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Landlords moving into higher tax bands

by Daniel Ruthven on June 12, 2017 No comments
Landlords tax bracket

Landlords tax bracket

April saw the introduction of new tax rules for unincorporated buy-to-let landlords. According to the National Landlords Association (NLA) these changes have caused a significant increase in the amount of single property landlords that will be pushed into higher income tax brackets.

Research from the NLA has shown that the proportion of single property landlords that believe they will be moved up a tax bracket has doubled since the end of 2016, with around 16% of landlords now saying that their tax bracket will change, a rise of 7% compared to Q4 2016.

By the time the tax changes are fully implemented in 2021 landlords’ mortgage finance costs will count towards their taxable profit. Currently the average annual mortgage finance costs for a single property landlord stands at £5,600.

Those currently earning just below the upper income tax threshold of £45,000 could be moved into the higher bracket of 40%.

Single property landlords represent 62% of the UK’s landlord population, around 1.5 of the estimated 2.3 million. These new changes are expected to affect 368,000 homes if landlords are forced to sell up because of higher tax bills.

According to the NLA, landlords would have to increase their rent by a whopping 11% to continue to make a steady yield from the property which could mean £116 per calendar month more for the average rental property. This is simply not feasible.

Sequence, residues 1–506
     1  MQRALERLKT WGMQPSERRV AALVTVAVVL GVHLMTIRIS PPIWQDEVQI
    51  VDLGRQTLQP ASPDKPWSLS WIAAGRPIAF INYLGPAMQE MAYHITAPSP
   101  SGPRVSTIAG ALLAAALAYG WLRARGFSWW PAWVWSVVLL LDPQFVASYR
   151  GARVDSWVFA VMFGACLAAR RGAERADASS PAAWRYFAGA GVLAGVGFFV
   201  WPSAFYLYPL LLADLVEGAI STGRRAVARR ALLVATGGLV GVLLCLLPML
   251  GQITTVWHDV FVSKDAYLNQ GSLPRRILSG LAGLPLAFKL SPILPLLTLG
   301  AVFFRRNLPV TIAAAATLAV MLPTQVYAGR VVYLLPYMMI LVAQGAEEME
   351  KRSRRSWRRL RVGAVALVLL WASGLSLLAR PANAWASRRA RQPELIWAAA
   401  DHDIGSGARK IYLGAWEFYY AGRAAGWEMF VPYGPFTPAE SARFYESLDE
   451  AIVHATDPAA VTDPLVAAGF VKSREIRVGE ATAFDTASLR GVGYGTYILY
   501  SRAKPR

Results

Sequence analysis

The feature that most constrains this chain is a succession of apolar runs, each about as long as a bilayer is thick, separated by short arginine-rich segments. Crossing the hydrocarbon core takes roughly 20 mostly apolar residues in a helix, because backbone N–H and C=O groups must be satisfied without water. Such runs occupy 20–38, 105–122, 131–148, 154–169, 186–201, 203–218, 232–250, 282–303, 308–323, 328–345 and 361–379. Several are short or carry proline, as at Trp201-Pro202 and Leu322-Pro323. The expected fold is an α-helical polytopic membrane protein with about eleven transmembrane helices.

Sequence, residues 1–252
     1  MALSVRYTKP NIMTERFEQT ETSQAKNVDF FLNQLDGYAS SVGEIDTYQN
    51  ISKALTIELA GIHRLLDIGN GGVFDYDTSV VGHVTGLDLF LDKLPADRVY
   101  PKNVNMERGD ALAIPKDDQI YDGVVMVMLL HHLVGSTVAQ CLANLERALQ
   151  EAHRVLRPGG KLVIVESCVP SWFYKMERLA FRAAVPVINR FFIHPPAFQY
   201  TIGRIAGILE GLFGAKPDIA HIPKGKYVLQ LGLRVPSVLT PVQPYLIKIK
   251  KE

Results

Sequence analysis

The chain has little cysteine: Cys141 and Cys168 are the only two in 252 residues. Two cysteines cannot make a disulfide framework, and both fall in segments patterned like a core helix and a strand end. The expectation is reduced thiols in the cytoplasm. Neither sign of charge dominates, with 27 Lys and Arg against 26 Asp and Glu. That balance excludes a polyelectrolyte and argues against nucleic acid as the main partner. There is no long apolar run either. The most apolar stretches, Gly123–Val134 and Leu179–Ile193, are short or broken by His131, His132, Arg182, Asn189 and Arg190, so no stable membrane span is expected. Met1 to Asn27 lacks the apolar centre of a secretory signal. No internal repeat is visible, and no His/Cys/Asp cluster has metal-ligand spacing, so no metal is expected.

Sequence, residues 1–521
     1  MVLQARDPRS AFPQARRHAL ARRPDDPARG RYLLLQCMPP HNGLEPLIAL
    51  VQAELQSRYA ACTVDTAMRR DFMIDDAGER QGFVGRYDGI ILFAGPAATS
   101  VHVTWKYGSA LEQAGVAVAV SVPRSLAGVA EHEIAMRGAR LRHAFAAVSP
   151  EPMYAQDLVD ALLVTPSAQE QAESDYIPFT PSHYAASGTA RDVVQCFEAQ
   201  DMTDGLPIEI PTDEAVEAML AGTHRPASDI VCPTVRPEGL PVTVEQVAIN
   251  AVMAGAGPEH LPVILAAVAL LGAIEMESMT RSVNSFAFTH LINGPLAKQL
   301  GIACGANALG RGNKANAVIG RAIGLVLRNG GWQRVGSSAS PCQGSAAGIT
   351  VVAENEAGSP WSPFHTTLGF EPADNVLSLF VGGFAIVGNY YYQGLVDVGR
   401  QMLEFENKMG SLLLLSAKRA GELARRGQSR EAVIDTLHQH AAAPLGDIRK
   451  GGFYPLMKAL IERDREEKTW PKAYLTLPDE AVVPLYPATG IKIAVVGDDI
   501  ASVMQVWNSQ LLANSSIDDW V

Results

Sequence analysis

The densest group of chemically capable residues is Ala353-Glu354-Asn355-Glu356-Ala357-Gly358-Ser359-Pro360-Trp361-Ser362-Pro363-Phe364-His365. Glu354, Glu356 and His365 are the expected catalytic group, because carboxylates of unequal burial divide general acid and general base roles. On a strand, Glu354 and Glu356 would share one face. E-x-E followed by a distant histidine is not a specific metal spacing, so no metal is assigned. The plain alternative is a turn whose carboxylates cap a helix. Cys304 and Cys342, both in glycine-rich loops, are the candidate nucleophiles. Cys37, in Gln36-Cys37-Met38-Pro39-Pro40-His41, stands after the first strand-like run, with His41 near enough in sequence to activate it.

It is evident that more and more families and young couples are making their home in the private rented sector because either they cannot access social housing or they cannot afford to buy their own home.

Landlords will have the choice of either increasing rents or selling up. According to HMRC’s UK property transaction count for April 2017, the number of residential property transactions decreased by 3.2% between March and April 2017.

April’s seasonally adjusted figure is 20.3% higher compared with the same month last year. However, direct comparisons of residential transactions between April 2017 and April 2016 should be avoided due to the unusually low level of transactions in April 2016.

This was associated with the introduction of the higher tax rates on additional properties introduced in this month.

View HMRC’s UK Property Transaction Statistics for April 2017 here.

If you are considering purchasing buy-to-let property, or are currently a landlord, it is essential you have the correct advice and are managing your tax computation correctly. Contact us today for a free consultation.

Daniel RuthvenLandlords moving into higher tax bands

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